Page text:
Canterbury Dairy Market – March 2019.
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The market for dairy farms throughout Canterbury, particularly large-scale properties, has continued to ease throughout the 2018/19 season. While transactions are very slowly occurring, market sentiment is still cautious with no sense of urgency to buy.
Despite good news such as positive GDT auctions in 2019 and an increased payout forecast for the remainder of this season and next, we believe farmer confidence has remained relatively low due to a culmination of factors such as the uncertainty created by how new policies, as either already introduced or to be introduced by the Labour-led Government could impact on the profitability of the sector i.e. Green House Gases (GHG), Carbon Taxes, Water Taxes or Capital Gains Taxes.
Additionally, international trade protectionism and tariffs being introduced on goods traded, particularly between the US and China, as well as the uncertainty surrounding Brexit also appears to have knocked farmer confidence.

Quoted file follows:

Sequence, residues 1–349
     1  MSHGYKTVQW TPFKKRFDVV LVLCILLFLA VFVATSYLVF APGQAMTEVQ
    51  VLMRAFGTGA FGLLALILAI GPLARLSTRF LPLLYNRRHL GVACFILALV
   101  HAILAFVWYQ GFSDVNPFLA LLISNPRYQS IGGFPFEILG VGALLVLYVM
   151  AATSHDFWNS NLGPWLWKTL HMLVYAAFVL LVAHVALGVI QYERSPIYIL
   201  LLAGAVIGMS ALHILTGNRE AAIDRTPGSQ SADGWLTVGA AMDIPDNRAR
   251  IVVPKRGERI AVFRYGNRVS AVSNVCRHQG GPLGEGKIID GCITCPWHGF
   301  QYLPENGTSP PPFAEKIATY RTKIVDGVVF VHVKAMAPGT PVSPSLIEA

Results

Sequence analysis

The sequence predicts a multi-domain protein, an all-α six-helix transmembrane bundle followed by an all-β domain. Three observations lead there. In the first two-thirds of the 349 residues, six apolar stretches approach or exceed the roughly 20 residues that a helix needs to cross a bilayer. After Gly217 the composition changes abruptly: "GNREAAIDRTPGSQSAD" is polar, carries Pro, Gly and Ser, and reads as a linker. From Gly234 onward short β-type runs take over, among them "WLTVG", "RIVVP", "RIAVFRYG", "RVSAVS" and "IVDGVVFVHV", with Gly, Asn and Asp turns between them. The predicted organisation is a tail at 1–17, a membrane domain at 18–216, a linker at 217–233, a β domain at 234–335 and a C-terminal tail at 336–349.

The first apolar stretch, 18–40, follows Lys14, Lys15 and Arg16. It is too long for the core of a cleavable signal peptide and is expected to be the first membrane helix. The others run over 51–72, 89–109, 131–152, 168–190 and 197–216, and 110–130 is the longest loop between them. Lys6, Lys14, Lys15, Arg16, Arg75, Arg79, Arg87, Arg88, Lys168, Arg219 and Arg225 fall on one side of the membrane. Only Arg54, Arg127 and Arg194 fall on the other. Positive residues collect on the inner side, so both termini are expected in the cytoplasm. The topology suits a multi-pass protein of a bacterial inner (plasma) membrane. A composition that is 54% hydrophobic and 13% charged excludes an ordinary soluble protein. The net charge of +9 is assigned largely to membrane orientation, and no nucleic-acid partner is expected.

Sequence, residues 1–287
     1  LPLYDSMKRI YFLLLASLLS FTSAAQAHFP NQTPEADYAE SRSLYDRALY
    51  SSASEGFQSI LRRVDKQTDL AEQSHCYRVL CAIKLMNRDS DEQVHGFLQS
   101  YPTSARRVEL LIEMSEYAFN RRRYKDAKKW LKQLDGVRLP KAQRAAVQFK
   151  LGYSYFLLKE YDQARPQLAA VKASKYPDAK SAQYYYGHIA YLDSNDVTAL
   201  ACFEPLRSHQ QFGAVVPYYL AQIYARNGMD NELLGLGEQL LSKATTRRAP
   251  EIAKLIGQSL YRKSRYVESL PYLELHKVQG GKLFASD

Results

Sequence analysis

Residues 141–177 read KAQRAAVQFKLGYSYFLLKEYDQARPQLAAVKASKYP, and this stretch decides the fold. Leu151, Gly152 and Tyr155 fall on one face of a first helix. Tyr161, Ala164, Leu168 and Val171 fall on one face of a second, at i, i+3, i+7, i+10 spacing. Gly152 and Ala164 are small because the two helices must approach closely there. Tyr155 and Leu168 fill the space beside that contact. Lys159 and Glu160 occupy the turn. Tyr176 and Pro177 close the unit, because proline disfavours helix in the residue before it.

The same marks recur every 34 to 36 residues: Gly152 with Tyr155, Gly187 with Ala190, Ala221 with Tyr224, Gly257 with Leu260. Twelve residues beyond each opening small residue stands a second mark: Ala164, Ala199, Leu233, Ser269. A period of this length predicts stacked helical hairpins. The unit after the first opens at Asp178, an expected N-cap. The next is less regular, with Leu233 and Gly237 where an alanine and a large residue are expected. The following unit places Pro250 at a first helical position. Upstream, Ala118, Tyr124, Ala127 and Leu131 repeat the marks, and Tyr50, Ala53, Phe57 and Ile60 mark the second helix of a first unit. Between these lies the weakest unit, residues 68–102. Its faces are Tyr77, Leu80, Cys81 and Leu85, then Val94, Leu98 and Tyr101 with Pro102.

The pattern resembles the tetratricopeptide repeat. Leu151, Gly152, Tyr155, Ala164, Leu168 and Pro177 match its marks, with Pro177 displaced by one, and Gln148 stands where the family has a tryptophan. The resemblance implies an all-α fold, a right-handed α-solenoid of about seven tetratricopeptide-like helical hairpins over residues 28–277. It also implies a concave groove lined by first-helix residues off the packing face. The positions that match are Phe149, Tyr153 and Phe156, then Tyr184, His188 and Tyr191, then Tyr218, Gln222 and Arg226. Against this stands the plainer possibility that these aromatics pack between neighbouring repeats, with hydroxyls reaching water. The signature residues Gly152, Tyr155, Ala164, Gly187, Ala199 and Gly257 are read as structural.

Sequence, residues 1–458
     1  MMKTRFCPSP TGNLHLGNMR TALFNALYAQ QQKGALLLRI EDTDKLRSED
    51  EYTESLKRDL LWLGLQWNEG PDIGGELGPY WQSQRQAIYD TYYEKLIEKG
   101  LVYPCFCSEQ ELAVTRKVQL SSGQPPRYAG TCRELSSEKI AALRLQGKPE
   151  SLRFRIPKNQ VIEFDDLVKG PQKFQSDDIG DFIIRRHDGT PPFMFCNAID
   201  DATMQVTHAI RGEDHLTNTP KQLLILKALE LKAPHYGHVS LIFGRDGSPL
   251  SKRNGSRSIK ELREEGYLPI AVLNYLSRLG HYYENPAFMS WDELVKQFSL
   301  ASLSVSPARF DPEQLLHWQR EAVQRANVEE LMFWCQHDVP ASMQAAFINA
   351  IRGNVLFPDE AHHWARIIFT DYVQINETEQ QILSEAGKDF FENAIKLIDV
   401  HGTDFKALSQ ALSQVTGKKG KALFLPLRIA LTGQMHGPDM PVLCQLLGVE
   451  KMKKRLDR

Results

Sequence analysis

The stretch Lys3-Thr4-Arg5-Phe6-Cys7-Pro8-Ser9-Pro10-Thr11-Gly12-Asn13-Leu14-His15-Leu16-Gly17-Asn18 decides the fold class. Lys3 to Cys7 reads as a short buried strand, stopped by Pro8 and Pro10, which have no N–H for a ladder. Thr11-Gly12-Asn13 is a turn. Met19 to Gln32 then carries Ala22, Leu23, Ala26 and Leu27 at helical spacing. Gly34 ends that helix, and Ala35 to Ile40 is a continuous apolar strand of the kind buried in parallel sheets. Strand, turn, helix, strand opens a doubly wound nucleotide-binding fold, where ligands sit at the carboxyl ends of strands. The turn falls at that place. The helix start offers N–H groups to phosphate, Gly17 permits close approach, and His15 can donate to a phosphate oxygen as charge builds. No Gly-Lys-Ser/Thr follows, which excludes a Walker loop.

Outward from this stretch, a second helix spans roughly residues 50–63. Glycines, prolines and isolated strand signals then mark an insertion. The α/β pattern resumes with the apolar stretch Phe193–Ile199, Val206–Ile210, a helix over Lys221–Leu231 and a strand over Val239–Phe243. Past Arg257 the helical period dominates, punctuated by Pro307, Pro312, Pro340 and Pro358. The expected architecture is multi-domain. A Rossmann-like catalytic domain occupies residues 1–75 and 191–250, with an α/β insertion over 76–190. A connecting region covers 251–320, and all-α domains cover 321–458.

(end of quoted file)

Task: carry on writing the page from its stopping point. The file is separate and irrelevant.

Concern due to the detection of Mycoplasma bovis, (M. bovis) which for those impacted adds significant complexity operationally, appears to be easing. While several transactions have occurred where M. bovis has been a factor, other factors seems to have contributed to a discounting of value to a greater degree.
We understand banks are also requiring farmers to consolidate their positions, in some instances to be in a stronger equity position than prior to the dairy downturn.
Overseas buyers, while not the only buyers in the market, have historically created additional liquidity, particularly for larger scale properties. In our opinion, removing these buyers from the market means that there has been a significant reduction in liquidity and subsequently the size of the buyer pool and this is evidenced in the lack of sales over the last 6-12 months.
We consider that the low sales volumes also demonstrates a gap between vendors expectations and the negotiating strength of the reduced pool of active buyers. Vendor expectations may need to soften further in order for more transactions to occur.
We also expect a further widening of the gap between better quality ‘Tier 1’ type properties and those with detracting features to occur, such as more labour intensive irrigation infrastructure, steeper contour and high cost or unreliable irrigation water. We anticipate buyers will become more focused on their cash return on investment driven by the cost of production.
For more information please contact:
+64 27 631 1077 | Ryan.Bratty@colliers.com
+64 21 199 4599 | Tim.Banks@colliers.com
+64 21 991 348 | Greg.Petersen@colliers.com